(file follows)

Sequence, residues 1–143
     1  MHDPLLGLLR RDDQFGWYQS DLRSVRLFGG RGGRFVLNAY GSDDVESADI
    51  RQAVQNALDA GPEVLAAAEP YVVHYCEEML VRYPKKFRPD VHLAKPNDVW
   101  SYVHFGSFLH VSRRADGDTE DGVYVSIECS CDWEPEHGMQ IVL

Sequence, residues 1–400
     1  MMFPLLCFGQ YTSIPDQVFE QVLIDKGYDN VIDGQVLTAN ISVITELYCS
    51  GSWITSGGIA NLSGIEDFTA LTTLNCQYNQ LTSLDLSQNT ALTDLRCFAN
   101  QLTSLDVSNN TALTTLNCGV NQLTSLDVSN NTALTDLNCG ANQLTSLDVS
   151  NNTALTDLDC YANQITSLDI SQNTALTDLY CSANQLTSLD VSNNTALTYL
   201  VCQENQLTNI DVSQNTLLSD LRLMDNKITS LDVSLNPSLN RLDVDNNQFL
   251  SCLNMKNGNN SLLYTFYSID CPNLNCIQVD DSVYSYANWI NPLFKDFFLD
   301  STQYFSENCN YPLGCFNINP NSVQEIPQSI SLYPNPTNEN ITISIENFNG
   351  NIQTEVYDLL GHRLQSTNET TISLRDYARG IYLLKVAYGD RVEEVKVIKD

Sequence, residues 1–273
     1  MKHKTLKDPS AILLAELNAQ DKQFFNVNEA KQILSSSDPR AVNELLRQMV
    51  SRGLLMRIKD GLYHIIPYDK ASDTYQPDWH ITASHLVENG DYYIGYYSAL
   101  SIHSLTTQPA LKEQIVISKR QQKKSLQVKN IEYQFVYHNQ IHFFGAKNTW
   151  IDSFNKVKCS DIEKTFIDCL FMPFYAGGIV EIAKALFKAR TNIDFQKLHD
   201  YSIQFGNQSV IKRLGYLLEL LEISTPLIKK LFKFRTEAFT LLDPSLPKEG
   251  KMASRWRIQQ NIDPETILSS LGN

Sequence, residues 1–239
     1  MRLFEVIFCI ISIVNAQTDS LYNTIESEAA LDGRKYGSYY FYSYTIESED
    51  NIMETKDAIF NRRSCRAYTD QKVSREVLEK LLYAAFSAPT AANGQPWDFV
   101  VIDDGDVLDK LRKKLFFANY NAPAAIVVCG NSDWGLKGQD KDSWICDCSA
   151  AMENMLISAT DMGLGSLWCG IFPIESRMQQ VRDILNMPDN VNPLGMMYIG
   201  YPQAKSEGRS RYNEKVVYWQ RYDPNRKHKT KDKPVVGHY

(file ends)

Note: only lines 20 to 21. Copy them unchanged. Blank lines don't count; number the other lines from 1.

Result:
   251  KMASRWRIQQ NIDPETILSS LGN

Sequence, residues 1–239